6. HTTP Methods
The HTTP method is supplied in the request line and specifies the operation that the client has requested. Internet Explorer will generally just use two methods to access and interact with web sites; GET for queries that can be safely repeated and POST for operations that may have side effects (e.g. ordering a book from an on-line store). For details of other HTTP methods refer to the HTTP 1.1 specification.
6.1 The GET method
The GET method is used to retrieve information from a specified URI and is assumed to be a safe, repeatable operation by browsers, caches and other HTTP aware components. This means that the operation must have no side effects and GET requests can be re-issued without worrying about the consequences.
For example, displaying the balance of a bank account has no effect on the account and can be safely repeated. In fact, Internet Explorer will allow a user to refresh a page that resulted from a GET, without displaying any kind of warning. Other HTTP aware components such as proxies may automatically retry GET requests if they encounter a temporary network connection problem.
One downside of GET requests is that they can only supply data in the form of parameters encoded in the URI (known as a Query String) or as cookies in the cookie request header. Therefore, GET cannot be used for uploading files or other operations that require large amounts of data to be sent to the server.
6.2 The POST method
The POST method is used for operations that have side effects and cannot be safely repeated. For example, transferring money from one bank account to another has side effects and should not be repeated without explicit approval by the user. If you try to refresh a page in Internet Explorer that resulted from a POST, it displays the following message to warn you that there may be side effects:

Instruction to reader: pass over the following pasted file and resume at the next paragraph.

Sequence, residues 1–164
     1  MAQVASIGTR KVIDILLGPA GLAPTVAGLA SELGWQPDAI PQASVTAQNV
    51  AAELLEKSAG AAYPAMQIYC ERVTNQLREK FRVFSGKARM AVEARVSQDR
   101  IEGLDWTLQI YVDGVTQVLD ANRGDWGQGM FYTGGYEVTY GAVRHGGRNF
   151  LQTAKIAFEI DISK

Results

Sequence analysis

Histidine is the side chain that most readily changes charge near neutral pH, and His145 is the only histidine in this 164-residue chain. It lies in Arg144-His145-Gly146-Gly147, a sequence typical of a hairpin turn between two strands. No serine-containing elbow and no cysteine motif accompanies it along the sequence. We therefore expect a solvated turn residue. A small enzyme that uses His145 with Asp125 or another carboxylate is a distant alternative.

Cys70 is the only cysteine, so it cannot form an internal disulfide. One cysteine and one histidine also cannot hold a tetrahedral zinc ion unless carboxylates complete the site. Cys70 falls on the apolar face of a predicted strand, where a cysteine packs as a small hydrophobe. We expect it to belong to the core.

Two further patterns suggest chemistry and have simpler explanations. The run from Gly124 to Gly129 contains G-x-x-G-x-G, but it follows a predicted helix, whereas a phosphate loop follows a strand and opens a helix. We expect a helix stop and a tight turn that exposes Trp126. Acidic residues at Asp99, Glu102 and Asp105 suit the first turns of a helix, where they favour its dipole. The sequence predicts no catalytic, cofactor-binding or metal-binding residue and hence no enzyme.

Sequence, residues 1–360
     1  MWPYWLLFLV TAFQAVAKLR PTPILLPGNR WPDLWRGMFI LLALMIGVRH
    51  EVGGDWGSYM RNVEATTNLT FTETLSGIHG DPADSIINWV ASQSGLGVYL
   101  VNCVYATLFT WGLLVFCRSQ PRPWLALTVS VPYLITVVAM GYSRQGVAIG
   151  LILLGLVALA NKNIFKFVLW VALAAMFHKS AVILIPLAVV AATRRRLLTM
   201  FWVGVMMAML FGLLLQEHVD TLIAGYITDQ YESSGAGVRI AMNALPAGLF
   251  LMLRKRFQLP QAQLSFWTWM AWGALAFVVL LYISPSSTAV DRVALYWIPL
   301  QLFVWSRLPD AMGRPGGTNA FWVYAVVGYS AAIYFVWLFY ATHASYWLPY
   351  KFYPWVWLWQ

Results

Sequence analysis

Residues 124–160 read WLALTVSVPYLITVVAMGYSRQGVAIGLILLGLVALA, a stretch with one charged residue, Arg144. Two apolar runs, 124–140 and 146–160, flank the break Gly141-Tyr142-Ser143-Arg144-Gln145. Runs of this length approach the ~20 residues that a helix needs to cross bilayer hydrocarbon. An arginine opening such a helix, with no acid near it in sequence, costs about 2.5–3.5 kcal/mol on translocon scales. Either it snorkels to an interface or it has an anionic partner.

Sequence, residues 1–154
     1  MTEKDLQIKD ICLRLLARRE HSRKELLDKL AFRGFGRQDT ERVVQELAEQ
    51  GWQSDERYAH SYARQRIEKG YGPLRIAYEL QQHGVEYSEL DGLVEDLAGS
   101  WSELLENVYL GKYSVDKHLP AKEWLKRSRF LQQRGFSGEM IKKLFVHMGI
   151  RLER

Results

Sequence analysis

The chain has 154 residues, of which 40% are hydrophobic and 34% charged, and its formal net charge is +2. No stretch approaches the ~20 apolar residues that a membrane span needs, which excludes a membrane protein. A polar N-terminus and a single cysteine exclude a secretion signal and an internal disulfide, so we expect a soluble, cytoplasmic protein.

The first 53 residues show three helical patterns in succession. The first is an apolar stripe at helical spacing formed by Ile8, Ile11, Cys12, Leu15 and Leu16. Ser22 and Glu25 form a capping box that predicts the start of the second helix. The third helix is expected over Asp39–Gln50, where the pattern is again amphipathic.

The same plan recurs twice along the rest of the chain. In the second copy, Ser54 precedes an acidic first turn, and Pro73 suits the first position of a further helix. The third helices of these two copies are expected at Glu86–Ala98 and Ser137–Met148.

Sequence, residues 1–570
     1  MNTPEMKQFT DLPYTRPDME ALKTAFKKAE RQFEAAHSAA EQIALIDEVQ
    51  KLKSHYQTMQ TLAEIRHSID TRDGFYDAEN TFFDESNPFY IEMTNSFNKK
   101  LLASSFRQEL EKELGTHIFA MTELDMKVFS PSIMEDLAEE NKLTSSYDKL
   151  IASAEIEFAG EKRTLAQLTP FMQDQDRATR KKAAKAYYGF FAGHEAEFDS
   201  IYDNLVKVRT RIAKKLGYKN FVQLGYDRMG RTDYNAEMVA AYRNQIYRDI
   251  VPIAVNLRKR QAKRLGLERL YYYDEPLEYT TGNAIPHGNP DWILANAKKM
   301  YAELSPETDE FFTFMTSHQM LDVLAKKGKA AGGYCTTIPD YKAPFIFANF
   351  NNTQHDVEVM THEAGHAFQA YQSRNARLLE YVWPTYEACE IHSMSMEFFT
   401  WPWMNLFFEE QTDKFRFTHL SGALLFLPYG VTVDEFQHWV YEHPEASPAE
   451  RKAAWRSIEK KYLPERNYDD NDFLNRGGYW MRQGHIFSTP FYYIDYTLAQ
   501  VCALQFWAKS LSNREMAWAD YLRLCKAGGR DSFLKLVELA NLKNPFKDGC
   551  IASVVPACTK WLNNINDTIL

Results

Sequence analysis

For banking, and other transactional web applications, the best approach is to use a POST when the user submits a change and then use a 302 redirection to change to a GET that displays the result of the action (e.g. the new account balance). The user can then safely refresh the resulting page without being presented with the retry dialog shown above. For more details on the POST/302 technique see 7. Redirection.
The POST request message has a content body that is normally used to send parameters and data. Unlike using the request URI or cookies, there is no upper limit on the amount of data that can be sent and POST must be used if files or other variable length data has to be sent to the server.
If you are working with Microsoft's Internet Information Server (IIS) (e.g. running the samples in this HTTP Gallery) you may notice that it returns two status codes in its response for a POST request. The first is 100 Continue to indicate that it has successfully received the POST request and the second is 200 OK after the request has been processed.
Example 6a - Using GET
Adding two numbers is a safe repeatable operation. Use the Add button and try refreshing the resulting page:
Example 6b - Using POST
Example 6c - Uploading a file with POST
Files can be uploaded using the content of the POST request message. Use the Upload button to send file. (Any file up to 10 MB that takes less than 2 minutes to upload will work. It will not be examined or stored. The page will just display its size)
Using HttpWatch with Example 6a - 6c
To view the HTTP methods discussed on this page:
- Open HttpWatch by right clicking on the web page and selecting HttpWatch from the context menu
- Click on Record to start logging requests in HttpWatch
- Try using each of the examples above
- The submitted form values can be viewed in the first sample by looking at the Query String tab and by looking at the POST Data tab for the others.